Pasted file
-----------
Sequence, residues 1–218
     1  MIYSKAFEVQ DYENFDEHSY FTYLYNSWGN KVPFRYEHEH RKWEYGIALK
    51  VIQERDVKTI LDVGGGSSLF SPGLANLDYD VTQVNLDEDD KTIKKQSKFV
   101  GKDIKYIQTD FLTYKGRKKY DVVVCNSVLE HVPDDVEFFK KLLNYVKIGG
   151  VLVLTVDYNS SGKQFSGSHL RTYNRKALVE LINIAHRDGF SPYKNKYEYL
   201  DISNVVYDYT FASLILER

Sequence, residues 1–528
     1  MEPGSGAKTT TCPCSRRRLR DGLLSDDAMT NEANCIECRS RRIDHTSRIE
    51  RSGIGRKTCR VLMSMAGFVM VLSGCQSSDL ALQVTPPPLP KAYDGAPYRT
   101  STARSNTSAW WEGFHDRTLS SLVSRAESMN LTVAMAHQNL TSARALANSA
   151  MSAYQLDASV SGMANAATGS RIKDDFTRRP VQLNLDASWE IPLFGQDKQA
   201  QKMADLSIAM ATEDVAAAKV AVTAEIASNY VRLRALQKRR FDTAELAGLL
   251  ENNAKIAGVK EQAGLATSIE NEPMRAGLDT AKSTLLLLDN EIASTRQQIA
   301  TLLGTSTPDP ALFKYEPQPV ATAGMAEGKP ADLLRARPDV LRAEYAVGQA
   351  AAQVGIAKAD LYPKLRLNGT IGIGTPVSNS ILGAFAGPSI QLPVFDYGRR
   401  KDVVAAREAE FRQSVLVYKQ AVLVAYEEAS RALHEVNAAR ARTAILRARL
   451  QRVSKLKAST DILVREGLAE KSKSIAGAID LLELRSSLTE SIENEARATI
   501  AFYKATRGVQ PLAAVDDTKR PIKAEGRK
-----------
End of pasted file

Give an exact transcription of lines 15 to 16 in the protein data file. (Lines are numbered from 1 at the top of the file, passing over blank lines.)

   351  AAQVGIAKAD LYPKLRLNGT IGIGTPVSNS ILGAFAGPSI QLPVFDYGRR
   401  KDVVAAREAE FRQSVLVYKQ AVLVAYEEAS RALHEVNAAR ARTAILRARL